With a new acquisition chief at the helm and a commitment to rapid prototyping and faster adaptation of new technology, the Navy is finding ways to collaborate with industry better and sooner, the service's top officer said Thursday.
Speaking at the Heritage Foundation in Washington, D.C., Chief of Naval Operations Adm. John Richardson said the Navy was beginning to "have meaningful conversations" with industry partners and those in research and development earlier in the acquisition process for major programs.
Some programs poised to benefit from this better teamwork with industry and an intentionally accelerated acquisition pipeline, he said, include the Navy's upcoming frigate and the future surface combatant, a family of ships envisioned to replace current cruisers and destroyers.
In the past, Richardson said, failure to bring the makers of Navy equipment in during concept development has proved costly and inefficient.
"We would have a set of requirements officers locked in a room until they come up with their set of requirements, and white smoke comes out, and they come out with 'hey, here it is,'" Richardson said. "And industry takes a look at it and says, 'that's great, but here's the thing, there's nothing that can do that. I've got to go and invent that.' Well, that's time and uncertainty and translates to money."
The Navy has been stung in the past by over-ambitious or flawed acquisition programs. The delivery of the first of the Gerald R. Ford class of supercarriers was beset by delays and billions in cost overruns in large part because of the integration of a number of dramatically new technologies, including the electromagnetic aircraft launch system, or EMALs, and advanced arresting gear.
Then there's the littoral combat ship, a multi-mission platform that ended up costing significantly more than estimated to build, continues to raise concerns about combat survivability, and still awaits full capability in its three intended mission areas.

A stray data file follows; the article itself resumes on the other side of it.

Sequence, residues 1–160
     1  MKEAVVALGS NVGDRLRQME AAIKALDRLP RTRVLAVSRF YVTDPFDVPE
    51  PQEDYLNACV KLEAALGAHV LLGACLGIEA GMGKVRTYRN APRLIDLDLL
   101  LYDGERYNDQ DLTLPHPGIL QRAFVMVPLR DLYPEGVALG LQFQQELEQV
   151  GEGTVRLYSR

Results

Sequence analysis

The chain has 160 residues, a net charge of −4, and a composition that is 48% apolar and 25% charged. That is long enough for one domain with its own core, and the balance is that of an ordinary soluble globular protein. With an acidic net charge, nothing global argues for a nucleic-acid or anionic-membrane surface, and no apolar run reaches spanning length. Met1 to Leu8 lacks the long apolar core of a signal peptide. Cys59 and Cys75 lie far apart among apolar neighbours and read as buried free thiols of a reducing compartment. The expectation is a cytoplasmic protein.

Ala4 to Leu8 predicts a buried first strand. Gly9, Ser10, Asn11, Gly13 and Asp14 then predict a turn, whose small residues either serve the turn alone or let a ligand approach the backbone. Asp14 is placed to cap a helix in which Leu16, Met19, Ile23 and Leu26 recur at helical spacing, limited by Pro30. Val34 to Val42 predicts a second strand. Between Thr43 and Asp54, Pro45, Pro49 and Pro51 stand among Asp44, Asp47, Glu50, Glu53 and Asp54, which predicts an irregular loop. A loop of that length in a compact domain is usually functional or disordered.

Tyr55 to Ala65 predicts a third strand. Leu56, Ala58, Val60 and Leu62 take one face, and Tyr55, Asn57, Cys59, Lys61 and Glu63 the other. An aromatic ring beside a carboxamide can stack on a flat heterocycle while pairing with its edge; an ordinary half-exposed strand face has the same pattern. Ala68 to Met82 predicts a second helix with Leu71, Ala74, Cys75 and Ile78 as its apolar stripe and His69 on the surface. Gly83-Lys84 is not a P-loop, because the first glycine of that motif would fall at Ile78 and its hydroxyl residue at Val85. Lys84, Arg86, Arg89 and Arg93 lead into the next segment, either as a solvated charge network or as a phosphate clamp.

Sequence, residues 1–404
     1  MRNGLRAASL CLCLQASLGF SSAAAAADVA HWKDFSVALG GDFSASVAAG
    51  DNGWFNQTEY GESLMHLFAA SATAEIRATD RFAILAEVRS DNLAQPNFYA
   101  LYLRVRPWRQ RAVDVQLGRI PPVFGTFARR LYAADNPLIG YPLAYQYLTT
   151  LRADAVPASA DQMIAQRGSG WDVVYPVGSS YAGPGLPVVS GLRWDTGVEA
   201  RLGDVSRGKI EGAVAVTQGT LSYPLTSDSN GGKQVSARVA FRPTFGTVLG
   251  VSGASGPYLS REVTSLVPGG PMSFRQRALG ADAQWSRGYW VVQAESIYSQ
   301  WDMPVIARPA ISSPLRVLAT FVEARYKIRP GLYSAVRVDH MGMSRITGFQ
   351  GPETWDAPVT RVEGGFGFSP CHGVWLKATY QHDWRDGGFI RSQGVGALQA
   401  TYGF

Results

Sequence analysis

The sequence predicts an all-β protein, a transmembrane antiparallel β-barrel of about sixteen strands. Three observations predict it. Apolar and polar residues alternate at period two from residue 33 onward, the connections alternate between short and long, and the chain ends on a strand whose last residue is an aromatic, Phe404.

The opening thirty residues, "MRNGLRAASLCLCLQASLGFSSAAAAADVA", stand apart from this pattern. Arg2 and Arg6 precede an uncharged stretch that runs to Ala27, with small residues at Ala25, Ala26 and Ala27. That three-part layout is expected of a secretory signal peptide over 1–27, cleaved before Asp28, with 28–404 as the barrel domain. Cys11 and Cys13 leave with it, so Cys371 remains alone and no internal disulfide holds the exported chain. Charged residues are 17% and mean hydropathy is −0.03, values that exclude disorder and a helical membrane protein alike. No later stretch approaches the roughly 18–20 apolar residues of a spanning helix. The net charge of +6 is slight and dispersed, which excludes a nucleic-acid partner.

"We have our program managers pretty much under a microscope right now, and we've taken things like cost and we've put cost into our requirements so that you don't get to ignore costs while you're chasing requirement," he said.
Richardson said Thursday that a number of programs, including the MQ-25 unmanned carrier-launched vehicle, and the Navy's growing family of unmanned underwater vehicles, as well as the future combatants, were in the 'fast lane' for accelerated acquisition, informed by industry insights.
"Even as we're delivering that step, we want to make sure that we are thinking about the next step already. So we get into these fast iterations of capability increase informed by what is technologically achievable, that allows us to ride that technology curve a lot closer," he said. "Now we've got to quicken the pace, we've got to do those iterative steps a lot more quickly than we are right now."
Richardson also cited the Navy's new head of acquisition, James "Hondo" Guerts, as an asset to finding improvements to the acquisition process. Guerts previously served as acquisition executive for U.S. Special Operations Command, which has long been a leader in rapid prototyping and early adoption of new technology.
"Secretary Guerts is educating us all about other ways to get this done as well," Richardson said.